England World Cup winner Sir Bobby Charlton diagnosed with dementia
Sir Bobby Charlton has been diagnosed with dementia.
The Telegraph said that the 83-year-old’s wife, Lady Norma, was happy for the Manchester United and England great’s condition to be reported.
The newspaper said Lady Norma had given the breaking of the news her “blessing”, with the announcement coming two days after his club and country team-mate Nobby Stiles died after his own battle with the illness.
In July, Sir Bobby’s brother Jack also died, himself having previously being diagnosed with dementia.
Sir Bobby is regarded as one of England’s best ever, if not the best, footballers.
A 1966 World Cup winner, he held England’s goalscoring record of 49 for close to 50 years until it was broken by Wayne Rooney. The same man would take his Manchester United record when he passed the 249 goals he scored for his beloved Red Devils.
“Yet another hero of our 1966 World Cup winning team has been diagnosed with dementia. Perhaps the greatest of them all, @SirBobby. This is both very sad and deeply concerning, ” said Gary Lineker, himself a scorer of 48 England goals, on Twitter.
Sir Bobby’s 249 Manchester United goals came across 758 games for the club, with his England goals coming in 106 appearance and nearly all were from midfield.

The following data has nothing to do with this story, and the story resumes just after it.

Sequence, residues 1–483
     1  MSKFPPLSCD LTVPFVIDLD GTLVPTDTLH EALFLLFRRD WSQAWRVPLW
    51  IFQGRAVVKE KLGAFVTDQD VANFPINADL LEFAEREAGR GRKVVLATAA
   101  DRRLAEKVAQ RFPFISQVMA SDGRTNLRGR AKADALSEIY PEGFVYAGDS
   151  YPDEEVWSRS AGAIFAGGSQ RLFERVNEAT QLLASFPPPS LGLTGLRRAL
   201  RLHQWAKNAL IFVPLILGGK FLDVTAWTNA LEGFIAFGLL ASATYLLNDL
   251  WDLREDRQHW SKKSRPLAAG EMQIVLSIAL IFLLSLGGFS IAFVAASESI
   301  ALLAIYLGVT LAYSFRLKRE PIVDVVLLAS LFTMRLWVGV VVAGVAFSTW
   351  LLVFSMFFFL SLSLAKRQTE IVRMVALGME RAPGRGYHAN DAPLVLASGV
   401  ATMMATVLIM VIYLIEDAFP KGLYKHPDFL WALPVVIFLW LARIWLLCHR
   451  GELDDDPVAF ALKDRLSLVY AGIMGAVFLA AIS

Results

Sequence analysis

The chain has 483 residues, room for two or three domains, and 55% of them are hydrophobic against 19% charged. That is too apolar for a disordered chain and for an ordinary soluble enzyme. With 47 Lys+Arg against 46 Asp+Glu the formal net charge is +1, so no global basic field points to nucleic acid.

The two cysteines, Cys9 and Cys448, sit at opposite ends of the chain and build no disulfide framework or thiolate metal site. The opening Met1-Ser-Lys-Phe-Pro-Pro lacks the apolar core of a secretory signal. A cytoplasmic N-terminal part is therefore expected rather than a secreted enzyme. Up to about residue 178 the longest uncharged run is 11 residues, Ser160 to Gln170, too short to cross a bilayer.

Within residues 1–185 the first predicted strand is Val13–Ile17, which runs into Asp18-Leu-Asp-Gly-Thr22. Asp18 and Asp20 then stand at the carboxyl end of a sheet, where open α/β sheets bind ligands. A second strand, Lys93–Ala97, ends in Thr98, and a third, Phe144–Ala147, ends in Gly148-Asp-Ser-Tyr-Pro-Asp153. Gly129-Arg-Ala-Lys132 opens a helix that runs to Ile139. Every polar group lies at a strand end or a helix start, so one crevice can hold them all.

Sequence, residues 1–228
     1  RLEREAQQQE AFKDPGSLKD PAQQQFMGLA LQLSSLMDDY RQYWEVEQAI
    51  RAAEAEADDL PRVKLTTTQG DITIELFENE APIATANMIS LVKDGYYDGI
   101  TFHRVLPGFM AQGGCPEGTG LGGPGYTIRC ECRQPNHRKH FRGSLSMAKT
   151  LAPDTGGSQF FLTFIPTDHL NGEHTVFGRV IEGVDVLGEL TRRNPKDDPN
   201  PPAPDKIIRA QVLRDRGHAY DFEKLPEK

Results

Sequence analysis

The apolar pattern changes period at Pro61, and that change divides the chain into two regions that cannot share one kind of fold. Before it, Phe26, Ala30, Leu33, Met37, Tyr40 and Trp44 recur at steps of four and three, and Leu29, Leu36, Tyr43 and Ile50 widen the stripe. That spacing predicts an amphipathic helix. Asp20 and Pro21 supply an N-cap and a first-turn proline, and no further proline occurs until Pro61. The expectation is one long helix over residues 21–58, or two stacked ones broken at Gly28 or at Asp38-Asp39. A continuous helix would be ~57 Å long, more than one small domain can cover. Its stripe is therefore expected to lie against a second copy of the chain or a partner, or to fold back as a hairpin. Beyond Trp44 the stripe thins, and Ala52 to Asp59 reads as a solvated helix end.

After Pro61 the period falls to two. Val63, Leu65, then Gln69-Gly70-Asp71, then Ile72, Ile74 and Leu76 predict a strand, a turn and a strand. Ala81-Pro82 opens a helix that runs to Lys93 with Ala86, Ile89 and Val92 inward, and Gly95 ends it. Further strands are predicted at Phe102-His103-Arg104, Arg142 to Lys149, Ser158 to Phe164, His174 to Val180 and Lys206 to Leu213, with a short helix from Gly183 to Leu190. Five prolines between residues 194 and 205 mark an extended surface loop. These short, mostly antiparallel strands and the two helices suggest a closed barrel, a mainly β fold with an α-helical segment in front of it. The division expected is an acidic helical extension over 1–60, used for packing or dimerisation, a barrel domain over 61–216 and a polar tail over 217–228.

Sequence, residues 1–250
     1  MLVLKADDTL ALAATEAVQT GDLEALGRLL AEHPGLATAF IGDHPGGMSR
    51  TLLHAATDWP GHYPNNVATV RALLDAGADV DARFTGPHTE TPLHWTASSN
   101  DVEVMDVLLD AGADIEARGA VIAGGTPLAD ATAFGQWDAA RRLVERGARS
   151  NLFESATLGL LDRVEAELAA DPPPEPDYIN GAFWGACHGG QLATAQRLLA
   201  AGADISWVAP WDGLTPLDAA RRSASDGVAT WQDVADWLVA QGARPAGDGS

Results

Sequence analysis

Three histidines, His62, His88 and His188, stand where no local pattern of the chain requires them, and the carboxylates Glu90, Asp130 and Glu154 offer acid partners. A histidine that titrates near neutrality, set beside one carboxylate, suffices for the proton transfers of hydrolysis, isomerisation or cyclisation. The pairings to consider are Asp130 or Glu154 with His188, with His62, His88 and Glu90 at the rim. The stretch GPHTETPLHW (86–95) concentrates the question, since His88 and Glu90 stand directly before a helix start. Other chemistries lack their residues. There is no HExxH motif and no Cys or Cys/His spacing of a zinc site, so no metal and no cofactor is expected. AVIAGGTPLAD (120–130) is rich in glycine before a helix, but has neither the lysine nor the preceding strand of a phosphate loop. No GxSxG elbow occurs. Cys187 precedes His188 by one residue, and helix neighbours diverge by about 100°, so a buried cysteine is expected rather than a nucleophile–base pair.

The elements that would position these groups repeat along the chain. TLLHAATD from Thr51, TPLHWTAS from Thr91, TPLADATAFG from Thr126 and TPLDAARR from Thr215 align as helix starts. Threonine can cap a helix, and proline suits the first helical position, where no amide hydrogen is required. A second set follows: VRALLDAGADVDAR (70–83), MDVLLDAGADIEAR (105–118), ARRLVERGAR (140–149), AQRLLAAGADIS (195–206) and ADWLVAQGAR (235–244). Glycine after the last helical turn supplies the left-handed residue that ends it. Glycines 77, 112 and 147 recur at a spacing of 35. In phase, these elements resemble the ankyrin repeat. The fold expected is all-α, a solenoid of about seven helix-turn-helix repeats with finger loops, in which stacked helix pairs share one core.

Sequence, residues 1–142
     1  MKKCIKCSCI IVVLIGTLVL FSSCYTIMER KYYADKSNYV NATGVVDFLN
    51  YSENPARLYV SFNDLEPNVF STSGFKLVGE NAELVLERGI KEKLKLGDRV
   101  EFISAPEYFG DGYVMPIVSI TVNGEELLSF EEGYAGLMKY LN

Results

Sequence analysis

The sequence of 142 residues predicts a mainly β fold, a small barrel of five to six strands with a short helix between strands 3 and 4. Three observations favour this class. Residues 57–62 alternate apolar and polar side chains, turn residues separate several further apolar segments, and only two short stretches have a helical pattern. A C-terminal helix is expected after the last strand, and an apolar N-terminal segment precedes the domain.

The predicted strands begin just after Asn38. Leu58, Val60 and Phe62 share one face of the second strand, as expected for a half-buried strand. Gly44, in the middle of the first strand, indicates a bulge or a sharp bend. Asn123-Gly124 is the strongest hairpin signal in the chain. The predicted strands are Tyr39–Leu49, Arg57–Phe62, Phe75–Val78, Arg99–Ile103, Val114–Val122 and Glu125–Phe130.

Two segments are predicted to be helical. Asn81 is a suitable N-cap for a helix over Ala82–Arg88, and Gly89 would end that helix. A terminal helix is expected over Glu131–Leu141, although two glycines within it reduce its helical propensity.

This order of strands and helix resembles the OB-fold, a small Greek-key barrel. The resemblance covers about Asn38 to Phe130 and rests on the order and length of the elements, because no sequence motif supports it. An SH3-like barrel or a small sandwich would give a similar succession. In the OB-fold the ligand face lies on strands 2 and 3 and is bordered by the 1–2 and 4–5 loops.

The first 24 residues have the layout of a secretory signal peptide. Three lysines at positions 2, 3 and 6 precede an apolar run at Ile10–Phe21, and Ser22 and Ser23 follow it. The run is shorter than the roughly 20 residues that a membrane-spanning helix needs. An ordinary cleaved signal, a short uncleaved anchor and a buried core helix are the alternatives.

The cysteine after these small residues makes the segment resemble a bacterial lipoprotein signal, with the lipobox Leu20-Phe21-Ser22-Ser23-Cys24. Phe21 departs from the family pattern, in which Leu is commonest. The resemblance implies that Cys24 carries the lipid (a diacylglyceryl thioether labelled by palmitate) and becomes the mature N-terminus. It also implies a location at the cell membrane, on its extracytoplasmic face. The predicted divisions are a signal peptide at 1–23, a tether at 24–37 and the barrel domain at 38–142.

A survivor of the Munich Air Disaster in 1958, he helped the rebuilding of the club in the wake of the tragedy and scored two goals as they beat Benfica to win the European Cup in 1968.
A statement from the club read: “Everyone at Manchester United is saddened that this terrible disease has afflicted Sir Bobby Charlton and we continue to offer our love and support to Sir Bobby and his family.” The Football Association also tweeted its best wishes.
A study, led by consultant neuropathologist Dr Willie Stewart of Glasgow University and published in 2019, revealed that former footballers are approximately three and a half times more likely to die from neurodegenerative disease than the general population.
The report, commissioned by the Football Association and the Professional Footballers’ Association, assessed the medical records of 7,676 men who played professional football between 1900 and 1976. Their records were matched against more than 23,000 individuals from the general population.
The study’s findings came 17 years after former England and West Brom striker Jeff Astle died at the age of 59 with what a coroner described as an “industrial injury”.
Astle’s daughter Dawn responded to the study’s findings by saying “these players who have suffered dementia must not be a statistic – they must never be forgotten”.